This week’s piece in Barron’s profiles the Jensen Quality Growth Fund (JENSX; Class J shares). This $5.5 billion no-load fund sports a competitive 0.88% expense ratio and low 14% turnover. According to the article, the fund
… fared well more recently, returning 21% over the past year, beating 86% of its peers, according to Morningstar. Over the past three years, its average annual return of 9% beat 85% of peers.
The primary benchmark for the fund is the S&P 500® Index. One of the long-lived and accessible implementations of the index is the SPDR® S&P 500® ETF (SPY). Alpholio™ calculations show that over the 15 years through 2016 the fund returned more than the ETF in approximately 34% of all rolling 36-month periods, 32% of 24-month periods and 38% of 12-month periods. The median cumulative (not annualized) underperformance over a rolling 36-month period was 5.9%.
The secondary benchmark for the fund is the Russell 1000® Growth Index. One of the popular implementations of this index is the iShares Russell 1000 Growth ETF (IWF). Alpholio™ calculations indicate that over the last 15 years the fund returned more than this ETF in about 30% of all rolling 36-month periods (with median underperformance of 5.3%), 32% of 24-month periods and 40% of 12-month periods.
A comparison of rolling returns is useful in determining a fund’s performance over average typical holding periods. However, it does not account for the fund’s volatility or exposures to particular market capitalizations, styles, sectors, industries, regions or countries. To gain insight into the latter, let’s employ Alpholio™’s patented methodology. In the simplest variant, it constructs a fixed-membership and fixed-weight reference ETF portfolio that most closely tracks periodic returns of the analyzed fund. To make a potential substitution of the fund more practical, in all of the following analyses the number of ETFs in the reference portfolio was capped at six.
Here is the resulting chart with statistics of the cumulative RealAlpha™ for Jensen Quality Growth over the last ten years (to learn more about this and other performance measures, please visit our FAQ):
The fund subtracted value compared to its reference ETF portfolio that had a similar volatility, measured as the standard deviation of monthly returns. The fund’s RealBeta™ was below that of a broad-based equity ETF.
The following chart with related statistics illustrates the fixed reference ETF portfolio for the fund over the same analysis period:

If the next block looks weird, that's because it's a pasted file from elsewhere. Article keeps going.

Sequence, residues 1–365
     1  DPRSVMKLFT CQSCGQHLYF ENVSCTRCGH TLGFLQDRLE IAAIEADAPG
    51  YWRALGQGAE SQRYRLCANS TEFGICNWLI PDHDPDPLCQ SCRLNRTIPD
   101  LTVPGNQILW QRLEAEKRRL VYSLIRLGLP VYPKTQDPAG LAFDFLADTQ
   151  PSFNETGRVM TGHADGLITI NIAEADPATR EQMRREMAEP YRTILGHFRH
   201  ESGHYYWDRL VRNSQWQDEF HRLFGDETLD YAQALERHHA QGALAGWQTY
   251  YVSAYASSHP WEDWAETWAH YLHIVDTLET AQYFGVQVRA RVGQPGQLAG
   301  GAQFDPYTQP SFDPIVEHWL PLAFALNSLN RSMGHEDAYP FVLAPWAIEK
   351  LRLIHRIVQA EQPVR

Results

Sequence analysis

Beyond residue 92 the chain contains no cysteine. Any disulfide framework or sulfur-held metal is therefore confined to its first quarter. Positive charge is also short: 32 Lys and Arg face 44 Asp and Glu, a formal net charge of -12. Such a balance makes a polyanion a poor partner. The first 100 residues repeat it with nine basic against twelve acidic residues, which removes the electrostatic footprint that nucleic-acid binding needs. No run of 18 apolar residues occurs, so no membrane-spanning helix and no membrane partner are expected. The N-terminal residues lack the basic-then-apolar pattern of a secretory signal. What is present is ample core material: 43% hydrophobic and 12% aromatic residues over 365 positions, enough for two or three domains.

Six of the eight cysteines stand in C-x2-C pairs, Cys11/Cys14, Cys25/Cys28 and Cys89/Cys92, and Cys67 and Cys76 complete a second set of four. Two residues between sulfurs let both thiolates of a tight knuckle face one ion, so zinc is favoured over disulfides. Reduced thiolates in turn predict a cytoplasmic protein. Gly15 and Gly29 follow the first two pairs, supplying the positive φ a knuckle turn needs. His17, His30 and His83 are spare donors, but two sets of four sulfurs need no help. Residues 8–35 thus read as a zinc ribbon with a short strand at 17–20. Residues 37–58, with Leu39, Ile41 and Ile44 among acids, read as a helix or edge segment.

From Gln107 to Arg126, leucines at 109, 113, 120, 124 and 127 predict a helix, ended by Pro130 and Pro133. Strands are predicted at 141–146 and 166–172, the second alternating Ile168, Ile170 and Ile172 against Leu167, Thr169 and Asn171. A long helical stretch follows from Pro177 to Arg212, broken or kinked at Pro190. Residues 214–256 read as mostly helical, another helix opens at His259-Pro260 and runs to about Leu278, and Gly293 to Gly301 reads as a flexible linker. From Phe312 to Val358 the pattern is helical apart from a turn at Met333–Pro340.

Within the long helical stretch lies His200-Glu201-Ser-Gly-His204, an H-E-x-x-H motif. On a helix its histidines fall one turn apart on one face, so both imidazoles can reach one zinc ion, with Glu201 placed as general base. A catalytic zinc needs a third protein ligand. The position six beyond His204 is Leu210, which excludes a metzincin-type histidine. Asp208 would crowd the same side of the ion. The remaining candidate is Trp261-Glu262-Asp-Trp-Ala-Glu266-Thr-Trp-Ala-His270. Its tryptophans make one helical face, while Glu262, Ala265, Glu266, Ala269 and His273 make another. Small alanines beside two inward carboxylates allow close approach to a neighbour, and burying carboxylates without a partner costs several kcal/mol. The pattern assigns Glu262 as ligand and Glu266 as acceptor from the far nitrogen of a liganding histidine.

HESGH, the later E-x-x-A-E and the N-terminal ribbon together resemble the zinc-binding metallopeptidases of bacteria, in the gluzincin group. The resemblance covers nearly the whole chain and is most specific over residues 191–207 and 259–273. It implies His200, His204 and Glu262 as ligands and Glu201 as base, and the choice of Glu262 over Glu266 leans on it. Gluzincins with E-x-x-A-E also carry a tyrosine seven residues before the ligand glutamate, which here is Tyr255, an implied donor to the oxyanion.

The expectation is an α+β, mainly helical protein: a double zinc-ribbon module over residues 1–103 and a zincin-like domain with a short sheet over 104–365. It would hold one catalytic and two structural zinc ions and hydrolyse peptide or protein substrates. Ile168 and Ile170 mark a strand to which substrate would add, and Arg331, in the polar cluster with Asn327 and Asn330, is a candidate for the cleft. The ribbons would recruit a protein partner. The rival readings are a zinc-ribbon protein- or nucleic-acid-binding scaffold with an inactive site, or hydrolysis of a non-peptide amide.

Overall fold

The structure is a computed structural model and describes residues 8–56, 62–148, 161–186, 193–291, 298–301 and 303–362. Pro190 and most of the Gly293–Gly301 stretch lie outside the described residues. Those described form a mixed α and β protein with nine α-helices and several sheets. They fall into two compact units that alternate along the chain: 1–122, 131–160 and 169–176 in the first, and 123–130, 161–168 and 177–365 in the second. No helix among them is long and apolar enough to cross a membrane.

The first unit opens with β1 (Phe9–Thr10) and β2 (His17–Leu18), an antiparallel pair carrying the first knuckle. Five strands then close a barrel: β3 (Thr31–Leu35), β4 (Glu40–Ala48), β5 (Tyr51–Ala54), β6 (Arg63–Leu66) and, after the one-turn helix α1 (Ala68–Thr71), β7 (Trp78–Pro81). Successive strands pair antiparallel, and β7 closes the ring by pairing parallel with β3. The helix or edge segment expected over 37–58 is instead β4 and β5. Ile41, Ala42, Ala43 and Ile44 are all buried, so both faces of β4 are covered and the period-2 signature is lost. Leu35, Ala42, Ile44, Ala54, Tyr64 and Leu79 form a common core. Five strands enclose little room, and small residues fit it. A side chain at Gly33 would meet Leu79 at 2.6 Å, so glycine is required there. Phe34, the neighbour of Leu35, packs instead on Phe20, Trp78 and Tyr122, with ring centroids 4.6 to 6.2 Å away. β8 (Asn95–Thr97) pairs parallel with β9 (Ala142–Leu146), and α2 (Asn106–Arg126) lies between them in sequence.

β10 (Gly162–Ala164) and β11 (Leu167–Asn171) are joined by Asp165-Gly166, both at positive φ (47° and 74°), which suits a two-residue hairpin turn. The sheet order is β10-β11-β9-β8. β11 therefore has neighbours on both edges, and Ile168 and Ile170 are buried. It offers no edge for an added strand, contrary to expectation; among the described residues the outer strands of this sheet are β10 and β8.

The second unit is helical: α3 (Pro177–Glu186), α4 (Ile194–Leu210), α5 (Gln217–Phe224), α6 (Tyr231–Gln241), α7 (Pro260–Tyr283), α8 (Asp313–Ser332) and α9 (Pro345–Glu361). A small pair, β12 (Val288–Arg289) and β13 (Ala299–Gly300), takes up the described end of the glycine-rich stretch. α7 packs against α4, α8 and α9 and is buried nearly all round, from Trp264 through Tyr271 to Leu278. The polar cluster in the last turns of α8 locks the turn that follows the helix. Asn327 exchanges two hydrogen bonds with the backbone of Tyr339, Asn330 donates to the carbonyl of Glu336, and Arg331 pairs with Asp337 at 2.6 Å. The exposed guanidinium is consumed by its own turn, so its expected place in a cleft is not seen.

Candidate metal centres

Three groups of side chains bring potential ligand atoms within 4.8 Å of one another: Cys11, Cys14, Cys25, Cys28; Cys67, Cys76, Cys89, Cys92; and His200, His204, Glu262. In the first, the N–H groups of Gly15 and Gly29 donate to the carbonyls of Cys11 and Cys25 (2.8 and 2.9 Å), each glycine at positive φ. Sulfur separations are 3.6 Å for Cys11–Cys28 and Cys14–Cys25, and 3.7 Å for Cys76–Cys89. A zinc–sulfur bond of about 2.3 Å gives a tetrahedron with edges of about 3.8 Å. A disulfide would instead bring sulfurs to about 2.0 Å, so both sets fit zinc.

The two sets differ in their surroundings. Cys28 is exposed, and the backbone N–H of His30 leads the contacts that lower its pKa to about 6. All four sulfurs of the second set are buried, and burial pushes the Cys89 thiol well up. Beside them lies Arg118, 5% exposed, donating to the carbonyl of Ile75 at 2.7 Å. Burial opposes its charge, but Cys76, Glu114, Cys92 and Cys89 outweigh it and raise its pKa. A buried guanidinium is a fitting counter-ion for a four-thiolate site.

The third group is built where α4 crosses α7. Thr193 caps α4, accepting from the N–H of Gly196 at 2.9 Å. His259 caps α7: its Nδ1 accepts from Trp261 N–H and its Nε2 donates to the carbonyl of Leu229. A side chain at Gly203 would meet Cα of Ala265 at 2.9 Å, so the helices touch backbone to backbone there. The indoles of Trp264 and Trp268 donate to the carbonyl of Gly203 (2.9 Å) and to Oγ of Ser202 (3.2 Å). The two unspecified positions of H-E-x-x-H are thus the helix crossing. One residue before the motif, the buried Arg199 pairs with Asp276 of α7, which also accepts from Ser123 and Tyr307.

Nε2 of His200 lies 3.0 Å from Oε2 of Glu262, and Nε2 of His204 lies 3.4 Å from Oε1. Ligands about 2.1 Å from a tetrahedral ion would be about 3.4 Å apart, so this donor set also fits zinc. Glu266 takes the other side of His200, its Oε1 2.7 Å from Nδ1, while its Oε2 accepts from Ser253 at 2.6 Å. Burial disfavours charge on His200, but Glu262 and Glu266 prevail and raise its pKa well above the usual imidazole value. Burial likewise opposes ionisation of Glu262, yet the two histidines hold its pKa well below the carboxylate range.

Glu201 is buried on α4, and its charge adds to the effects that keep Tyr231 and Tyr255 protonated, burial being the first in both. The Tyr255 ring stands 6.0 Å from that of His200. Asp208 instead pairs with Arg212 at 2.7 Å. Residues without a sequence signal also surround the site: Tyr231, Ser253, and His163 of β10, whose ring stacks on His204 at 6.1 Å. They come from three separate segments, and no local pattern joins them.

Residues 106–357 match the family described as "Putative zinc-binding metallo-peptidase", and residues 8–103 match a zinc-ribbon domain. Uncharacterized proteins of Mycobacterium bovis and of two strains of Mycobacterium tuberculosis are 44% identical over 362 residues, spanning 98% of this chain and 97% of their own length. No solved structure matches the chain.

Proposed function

The fund had equivalent positions in the Vanguard Dividend Appreciation ETF (VIG), iShares MSCI KLD 400 Social ETF (DSI), Consumer Staples Select Sector SPDR® Fund (XLP), iShares U.S. Medical Devices ETF (IHI), Industrial Select Sector SPDR® Fund (XLI), and SPDR® S&P® Dividend ETF (SDY).
The following chart with associated statistics depicts the cumulative RealAlpha™ for the fund over the last five years:
With just 0.21% of cumulative excess return, the fund failed to substantially beat its reference ETF portfolio that had a slightly lower volatility. The fund’s RealBeta™ was somewhat higher compared to that over the longer analysis period.
The following chart with accompanying statistics presents the constant composition of the reference ETF portfolio over the same evaluation period:
The fund had just five equivalent positions: in the aforementioned VIG and IHI, as well as in the Schwab U.S. Dividend Equity ETF™ (SCHD), iShares Morningstar Large-Cap ETF (JKD) and iShares North American Tech-Software ETF (IGV).
The following chart and statistics show the cumulative RealAlpha™ for Jensen Quality Growth over the last three years:
The fund failed to add value over its reference ETF portfolio that had a slightly lower volatility. The fund’s RealBeta™ also increased from that over the prior analysis periods.
The following chart and statistics exhibit the static composition of the reference ETF portfolio over the same three-year period:
The fund had equivalent positions in the PowerShares S&P 500 Quality Portfolio (SPHQ), iShares U.S. Industrials ETF (IYJ), Vanguard Information Technology ETF (VGT), as well as the aforementioned IHI, XLP and VIG.
The final chart with conventional performance statistics shows the total return of the fund vs. that of the aforesaid SCHD and SPHQ (the analysis timeframe was determined by the inception date of SCHD):
Either ETF outperformed the fund in terms of the higher annualized return, alpha, Sharpe and Sortino ratios, as well as the lower beta and standard deviation of monthly returns.
In sum, the Jensen Quality Growth Fund did not substantially outperform its respective reference ETF portfolios over the standard ten-, five- and three-year evaluation periods. The fund could have easily been substituted, and with better results, with either of the two ETFs picked from its reference portfolios. Despite a low turnover, in the past four years the fund had significant long-term capital distributions, which made it less suitable for taxable accounts.
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